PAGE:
Estimating Passenger Demand for Parkway Stations



Estimating Passenger Demand for Parkway Stations

Authors

W F Lythgoe and M Wardman, ITS, University of Leeds, UK

Description

Abstract

Most inter-city stations are located in central urban areas whilst suburban station stations serve distinct local populations. Interest in a different type of station emerged in the 1980s. A Parkway station does not serve a local population, but instead acts as a convenient out-of-town railhead. Easy road access combined with good parking facilities and an attractive rail service are essential features of the Parkway product.

Considerable interest in Parkway stations remains. Proposals to at least consider new Parkway stationsare a common feature of bids for train operating company franchises in Great Britain and, for example, the Midland Mainline franchise extension deal provides for a major new Parkway linked to the M1 motorway and East Midlands Airport. They can also provide a means by which a train operator can better compete with a rival operator. For example, the study into the now opened Warwick Parkway on the Chiltern Line between Birmingham and London forecast that much of the new traffic would be abstracted from competing Virgin West Coast services. Parkways can provide improved accessibility to the rail network, particularly given congested urban centres, and the improved integration with car will stimulate modal switch. Parkways can therefore help to satisfy the commercial objectives of rail operators and the strategic interests of central and local government.

The Passenger Demand Forecasting Handbook contains a recommended forecasting procedure and set of demand parameters that are widely used by various organisations within the railway industry in Great Britain. It is an incremental approach, based on the application of elasticities to current demand levels.

Such an incremental approach is of no use when there is no current level of rail demand. This is recognised in the Handbook, where a Parkway access model is recommended. There are, however, a number of deficiencies of this model. These relate to the use of all-or-nothing procedures to allocate rail travellers between stations, the failure to allow newly generated rail travel unless the new station is better than an existing station, and the extensive data requirements to apply the model.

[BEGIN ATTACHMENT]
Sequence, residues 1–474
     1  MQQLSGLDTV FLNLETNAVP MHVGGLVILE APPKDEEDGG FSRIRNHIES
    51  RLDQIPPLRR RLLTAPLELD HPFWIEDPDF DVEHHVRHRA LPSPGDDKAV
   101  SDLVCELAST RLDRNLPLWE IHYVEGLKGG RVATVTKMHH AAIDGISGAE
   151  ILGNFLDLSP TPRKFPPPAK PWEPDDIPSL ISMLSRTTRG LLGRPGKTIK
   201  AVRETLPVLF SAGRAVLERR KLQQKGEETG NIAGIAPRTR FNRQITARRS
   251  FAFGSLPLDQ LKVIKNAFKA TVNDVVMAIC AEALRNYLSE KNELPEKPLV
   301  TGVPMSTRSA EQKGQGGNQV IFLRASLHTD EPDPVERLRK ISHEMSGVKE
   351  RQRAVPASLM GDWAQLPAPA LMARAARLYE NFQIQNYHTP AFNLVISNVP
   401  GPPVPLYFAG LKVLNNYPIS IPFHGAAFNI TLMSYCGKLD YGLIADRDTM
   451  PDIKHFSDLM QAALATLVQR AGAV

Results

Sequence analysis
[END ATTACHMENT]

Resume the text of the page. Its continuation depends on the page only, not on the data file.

The purpose of the study reported here, conducted for the Association of Train Operating Companies, is to develop a Parkway demand forecasting model based upon observed demand levels at existing Parkway stations. Demand levels for 1999/2000 have been obtained from the CAPRI ticket sales system for ten Parkway stations. This yields around 3,000 observations for modelling purposes.

The model is of the direct demand type. Trips from a Parkway are explained in terms of the spatial distribution of population around the station, drive times and/or distance from each population zone to the station, the fare and timetable related service quality from the station to the destination in question, and the same measures for a number of stations which compete with the Parkway. The estimation requires the use of non-linear least squares. This builds upon our previous work using a similar procedure but based solely on ?conventional stations? which obtained a model which has found considerable application in recent practical demand exercises.

UK census data is used to locate populations at Enumeration District (ED) level (or Output Area level in Scotland). These populations are allocated to grids of polygonal zones surrounding the stations, and information on characteristics of population, such as age distributions, car ownership levels, social class and unemployment, is also collected.

A 1:250,000 road network provides the means to determine the drive times and distances from the population weighted zone centroids to the Parkway station and to neighbouring stations that compete with the Parkway station. The models recognise that individuals start their journeys from many specific origins that are served by a given Parkway station.

This paper, in addition to describing the data needs and estimation procedure, will highlight the use of the model to forecast demand levels for possible new Parkway stations.

Publisher

Association for European Transport